Tag Archives: cashflow

And in Reply…

My last post about knowing when you’re able to retire based on your dividend income elicited some good questions and counter-points from Robb at Boomer and Echo. The answers I have would have involved a rather long response in the comment section, so I decided to reply in a new post. For the record, here is what Robb said:

I used to think this way, how­ever I don’t think it’s real­is­tic to live off div­i­dends and never touch your cap­i­tal in retire­ment. First of all, any RRSP sav­ings will even­tu­ally be con­verted into an RRIF and face stiff with­drawal rates. Sec­ond, what if you want (or need) excess cap­i­tal in one year to pay for a car, new roof, large vaca­tion, etc.? You’d prob­a­bly look to sell off some stock to access the cap­i­tal. Finally, there’s the poten­tial to work longer than needed in order to reach a tar­get div­i­dend income stream. It’d take a mil­lion dol­lars in cap­i­tal to spin off $35,000 to $40,000 in div­i­dends. Why wouldn’t you want to tap into that mil­lion dollars?

In response, I say this: Continue reading And in Reply…

Inertia Can Be A Terrible Thing

An object at rest will remain at rest unless acted on by an unbalanced force. Damned if Newton wasn't right.
Damned if Newton wasn’t right.

Those of you who read this blog regularly will know that I’ve been less than diligent with my posts recently. Baring your soul on the Internet to people you’ve never actually met seems to be the “done” thing these days, so I’ve decided to pull back the curtain and share where I am these days, in terms of my financial worries. Being able to be open about these things (and a possible upcoming career change) is one of the benefits of blogging anonymously, so here we go:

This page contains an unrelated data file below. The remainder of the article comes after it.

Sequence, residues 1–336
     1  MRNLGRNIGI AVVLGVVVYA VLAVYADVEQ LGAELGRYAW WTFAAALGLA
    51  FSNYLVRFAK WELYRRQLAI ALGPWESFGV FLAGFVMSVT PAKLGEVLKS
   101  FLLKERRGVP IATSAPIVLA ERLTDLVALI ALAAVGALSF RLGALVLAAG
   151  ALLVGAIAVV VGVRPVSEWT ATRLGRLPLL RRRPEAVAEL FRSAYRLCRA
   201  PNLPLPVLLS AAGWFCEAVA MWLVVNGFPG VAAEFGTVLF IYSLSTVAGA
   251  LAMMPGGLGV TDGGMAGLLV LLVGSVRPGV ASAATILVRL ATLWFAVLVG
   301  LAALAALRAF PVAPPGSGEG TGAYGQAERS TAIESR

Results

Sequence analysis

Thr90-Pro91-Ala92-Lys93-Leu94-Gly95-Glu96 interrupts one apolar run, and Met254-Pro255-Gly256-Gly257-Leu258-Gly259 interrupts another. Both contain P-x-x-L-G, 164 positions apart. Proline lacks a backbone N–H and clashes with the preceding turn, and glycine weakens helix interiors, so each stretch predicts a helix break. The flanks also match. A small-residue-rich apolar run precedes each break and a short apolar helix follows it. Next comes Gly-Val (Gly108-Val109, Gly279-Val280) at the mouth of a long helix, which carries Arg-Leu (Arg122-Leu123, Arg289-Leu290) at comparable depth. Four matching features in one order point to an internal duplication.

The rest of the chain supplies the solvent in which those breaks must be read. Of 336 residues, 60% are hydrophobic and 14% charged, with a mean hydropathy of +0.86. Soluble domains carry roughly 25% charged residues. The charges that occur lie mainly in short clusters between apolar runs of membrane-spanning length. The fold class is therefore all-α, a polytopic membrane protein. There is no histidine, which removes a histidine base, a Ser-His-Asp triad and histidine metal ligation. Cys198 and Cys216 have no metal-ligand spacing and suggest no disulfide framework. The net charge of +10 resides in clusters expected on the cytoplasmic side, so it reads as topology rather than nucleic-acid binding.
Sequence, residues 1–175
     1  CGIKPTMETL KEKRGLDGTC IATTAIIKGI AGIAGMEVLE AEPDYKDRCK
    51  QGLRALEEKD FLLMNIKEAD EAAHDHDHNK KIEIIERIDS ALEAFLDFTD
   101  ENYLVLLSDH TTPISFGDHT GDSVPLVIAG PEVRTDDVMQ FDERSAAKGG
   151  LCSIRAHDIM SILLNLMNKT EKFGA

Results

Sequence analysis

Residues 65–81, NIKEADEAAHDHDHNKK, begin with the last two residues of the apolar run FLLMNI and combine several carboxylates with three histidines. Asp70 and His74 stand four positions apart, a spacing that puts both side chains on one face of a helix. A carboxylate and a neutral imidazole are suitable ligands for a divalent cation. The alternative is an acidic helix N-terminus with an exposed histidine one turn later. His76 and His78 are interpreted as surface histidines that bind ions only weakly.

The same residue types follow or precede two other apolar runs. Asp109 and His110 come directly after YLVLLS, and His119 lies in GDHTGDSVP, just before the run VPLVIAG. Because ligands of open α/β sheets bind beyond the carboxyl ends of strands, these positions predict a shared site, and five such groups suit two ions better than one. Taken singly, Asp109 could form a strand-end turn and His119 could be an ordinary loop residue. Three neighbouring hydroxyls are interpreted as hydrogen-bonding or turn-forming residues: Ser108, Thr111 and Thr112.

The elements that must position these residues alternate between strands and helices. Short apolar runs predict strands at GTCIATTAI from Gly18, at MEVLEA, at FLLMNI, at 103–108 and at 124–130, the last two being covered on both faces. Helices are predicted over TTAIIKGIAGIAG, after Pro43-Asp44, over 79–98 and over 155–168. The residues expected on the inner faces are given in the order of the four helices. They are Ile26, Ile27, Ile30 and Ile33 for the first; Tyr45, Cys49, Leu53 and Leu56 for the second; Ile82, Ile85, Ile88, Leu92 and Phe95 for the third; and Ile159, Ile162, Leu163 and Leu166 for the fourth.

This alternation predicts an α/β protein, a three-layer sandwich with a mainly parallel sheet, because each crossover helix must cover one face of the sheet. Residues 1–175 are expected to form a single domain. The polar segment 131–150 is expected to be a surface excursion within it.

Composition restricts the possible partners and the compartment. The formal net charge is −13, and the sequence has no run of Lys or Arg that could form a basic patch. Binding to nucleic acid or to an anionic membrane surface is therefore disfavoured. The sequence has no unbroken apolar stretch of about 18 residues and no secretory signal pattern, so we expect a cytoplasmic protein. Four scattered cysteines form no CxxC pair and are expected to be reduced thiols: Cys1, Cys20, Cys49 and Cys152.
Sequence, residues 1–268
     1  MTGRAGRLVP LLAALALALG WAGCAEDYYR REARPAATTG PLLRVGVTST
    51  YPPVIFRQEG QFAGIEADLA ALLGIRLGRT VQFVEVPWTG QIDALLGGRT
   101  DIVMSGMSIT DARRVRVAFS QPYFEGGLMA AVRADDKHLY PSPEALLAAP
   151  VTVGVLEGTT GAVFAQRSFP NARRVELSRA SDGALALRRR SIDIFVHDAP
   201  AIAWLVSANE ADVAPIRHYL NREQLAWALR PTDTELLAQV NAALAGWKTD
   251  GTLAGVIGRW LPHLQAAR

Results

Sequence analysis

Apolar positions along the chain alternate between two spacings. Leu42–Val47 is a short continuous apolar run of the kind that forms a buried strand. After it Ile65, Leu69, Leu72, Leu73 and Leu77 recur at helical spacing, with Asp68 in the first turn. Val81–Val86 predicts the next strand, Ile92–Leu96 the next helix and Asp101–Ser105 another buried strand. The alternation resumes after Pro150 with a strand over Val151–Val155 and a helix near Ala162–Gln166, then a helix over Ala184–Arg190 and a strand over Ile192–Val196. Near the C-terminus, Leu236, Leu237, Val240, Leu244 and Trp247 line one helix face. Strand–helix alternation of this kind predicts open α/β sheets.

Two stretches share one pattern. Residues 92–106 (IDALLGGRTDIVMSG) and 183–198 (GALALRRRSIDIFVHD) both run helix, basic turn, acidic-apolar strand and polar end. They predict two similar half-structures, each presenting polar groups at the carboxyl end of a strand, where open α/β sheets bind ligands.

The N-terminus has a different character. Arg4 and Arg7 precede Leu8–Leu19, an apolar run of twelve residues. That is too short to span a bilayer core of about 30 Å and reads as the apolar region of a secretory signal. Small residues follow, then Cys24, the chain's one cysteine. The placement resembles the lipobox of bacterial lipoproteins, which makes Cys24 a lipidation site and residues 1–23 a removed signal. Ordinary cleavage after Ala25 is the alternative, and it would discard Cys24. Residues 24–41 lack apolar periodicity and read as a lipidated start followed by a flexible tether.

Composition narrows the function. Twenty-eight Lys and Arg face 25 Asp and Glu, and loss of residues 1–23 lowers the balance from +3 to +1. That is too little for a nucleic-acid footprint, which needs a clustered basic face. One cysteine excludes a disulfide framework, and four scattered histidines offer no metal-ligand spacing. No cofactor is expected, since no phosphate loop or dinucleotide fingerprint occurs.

Continue reading Inertia Can Be A Terrible Thing

Dividend Yield

The yield’s the thing

Searnng for Dividend Yield
In this case, yield is a good thing.

When dividend investors look to buy stock, it’s (almost) all about the yield. By determining the dividend yield of a stock, you can see what that stock is going to pay you if you buy it. The dividend yield alone is not enough information to decide whether or not you should buy a stock, but it is one of the major factors, and should be one of the first ways you use to screen potential stock investments. Unlike the dividend amount (or dividend payment, or just “dividend”) the dividend yield is stated on a annualized basis, which permits apples-to-apples comparisons, regardless of whether dividends are paid monthly, quarterly, or even annually. Here is how to calculate a stock’s yield.

Continue reading Dividend Yield